After my recent tapioca pudding debacle, in which I failed not once but twice to get appropriate pudding texture, I decided to regroup and research things for a while before making more. And, weirdly, this has coincided nicely with Halloween. We therefore bring you: the pudding that would not die!
OK, that isn’t all that terrifying. The most monstrous thing most puddings resemble is a slime mold — kinda gross, but not particularly threatening.
Thanks to thoughtful comments (which more or less worked out all the options I’d come up with on my own) I have a list of reasons this might have failed:
- Cornstarch works better than tapioca. True. This is why almost every modern made-from-scratch pudding calls for cornstarch rather than tapioca, I assume. For now, though, I want to see how to make tapioca work. In researching and debating the tapioca question, I found a (much more) modern recipe for tapioca-based chocolate pudding. Buzz tried making it one night and it worked beautifully — extremely thick, just like pudding should be — so clearly tapioca is a usable (if fussy) thickener.
- The eggs weren’t whipped enough. This is was what I thought the first time through, and for Batch 2 I ensured extremely stiff egg whites — but still ended up with very liquid pudding.
- Incorrect substitution amount, should have used 2x as much tapioca flour. The measurement conversions from The Cook’s Thesaurus do point out that half an amount of instant pearl tapioca should substitute for pearl tapioca, so maybe it’s a
- Need to cook tapioca flour longer than Minute Tapioca. Thanks to research from Ellen’s Kitchen, we learned that “instant” tapiocas are partially pre-cooked, which reduces the time the home cook must heat the starch to get it to thicken properly — implying that plain old tapioca flour needs to be heated longer than its name-brand instant cousins.
I ranked these in order from least to most likely (in my humble opinion); so, if I’m right, the tapioca flour needed to be cooked longer on the stovetop. As a “control,” I’ll also use authentic Minute Tapioca to see how it works in comparison to tapioca flour.
The assembled ingredients.
The retro Minute Tapioca recipe as seen above is still (more or less) what’s on the back of the Minute Tapioca box, so it seems to have stood the test of time. Interestingly, though, the modern version recommends letting the tapioca-milk-yolk mix stand for five minutes before applying heat (presumably for the liquid to soak into the tapioca granules, so I’m following that recommendation.
Egg, milk, tapioca, sugar, and vanilla — whisked together and sitting around.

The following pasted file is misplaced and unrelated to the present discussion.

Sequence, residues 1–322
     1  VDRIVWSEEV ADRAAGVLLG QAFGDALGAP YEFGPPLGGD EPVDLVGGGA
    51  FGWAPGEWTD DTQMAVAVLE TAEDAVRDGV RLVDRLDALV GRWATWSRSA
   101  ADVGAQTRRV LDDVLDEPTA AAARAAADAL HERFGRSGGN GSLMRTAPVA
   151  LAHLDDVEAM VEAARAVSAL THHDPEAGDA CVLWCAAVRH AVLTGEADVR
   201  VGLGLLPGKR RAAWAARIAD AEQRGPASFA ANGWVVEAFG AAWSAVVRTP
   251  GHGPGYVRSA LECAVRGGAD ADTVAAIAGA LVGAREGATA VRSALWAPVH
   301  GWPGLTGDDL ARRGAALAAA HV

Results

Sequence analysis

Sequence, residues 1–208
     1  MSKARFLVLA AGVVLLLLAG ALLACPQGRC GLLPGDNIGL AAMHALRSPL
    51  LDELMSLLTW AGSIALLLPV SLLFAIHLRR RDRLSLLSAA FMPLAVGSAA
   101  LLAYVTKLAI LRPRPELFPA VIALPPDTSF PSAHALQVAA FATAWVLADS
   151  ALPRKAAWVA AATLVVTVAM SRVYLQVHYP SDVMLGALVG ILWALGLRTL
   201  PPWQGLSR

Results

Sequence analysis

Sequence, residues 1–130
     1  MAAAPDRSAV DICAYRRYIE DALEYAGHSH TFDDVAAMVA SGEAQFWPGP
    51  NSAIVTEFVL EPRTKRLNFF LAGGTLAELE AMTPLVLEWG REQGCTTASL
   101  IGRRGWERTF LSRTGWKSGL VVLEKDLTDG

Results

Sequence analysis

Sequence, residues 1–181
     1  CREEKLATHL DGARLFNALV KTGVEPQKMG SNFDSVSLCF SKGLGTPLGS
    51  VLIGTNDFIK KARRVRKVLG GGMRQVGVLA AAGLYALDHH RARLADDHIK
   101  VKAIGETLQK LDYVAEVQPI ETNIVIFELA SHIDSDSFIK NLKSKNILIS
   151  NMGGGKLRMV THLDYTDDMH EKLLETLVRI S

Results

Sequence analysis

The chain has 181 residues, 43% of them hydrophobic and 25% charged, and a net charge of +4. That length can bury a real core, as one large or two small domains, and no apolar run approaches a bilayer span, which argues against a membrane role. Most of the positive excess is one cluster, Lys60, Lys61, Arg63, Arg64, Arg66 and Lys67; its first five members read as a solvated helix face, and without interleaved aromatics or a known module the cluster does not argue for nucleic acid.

After it sat, I put it on medium heat and stirred gently for a while. As the temperature rose, the tapioca did indeed start to slightly congeal. This was particularly obvious because it had that classic tapioca-blob appearance. (Not very surprising since Minute Tapioca comes in little chunks.)
Again, the modern box came in handy since it explicitly stated that the pudding needed to be at a hard boil — bubbles continuing to appear even when I stirred — before coming off the heat. This wasn’t really made clear in the vintage recipe (indeed, it freaked out that I would overcook the tapioca).
And after cooking, Version 3 was better than Versions 1 and 2. Thick and pudding-like!
The egg whites were whipped into submission.
The tapioca was adding to the egg and everything was folded together.
And it sat in the fridge for a while. (Interestingly, this batch once again seemed to lose a little bit of structural integrity — it almost felt the bubbles in the foam collapsed more easily after sitting for a while. It’s still far more sturdy than either previous attempt though, an extremely strong indication that the tapioca cook time is to blame.)
Armed with research and experience, it’s time to tackle the tapioca flour method again.
I’ll spare you yet another shot of milk, tapioca, egg yolk, and sugar in a pot.
This time the thickening sort of went in stages. When the mixture was heated through and just about to start boiling, it got somewhat thicker.
And then it was about the same thickness for more than six minutes; once it was at the “hard boil” stage, it ramped up to very, very thick. Encouraging!
The apricots were a little tart, which was a nice contrast with the pudding. In terms of consistency, this finally was the gooey texture we wanted. I liked the smooth version with tapioca flour somewhat better than the lumpy version with Minute Tapioca. And, hooray, I conquered the PUDDING RECIPE OF DOOM!
Happy Halloween, everybody!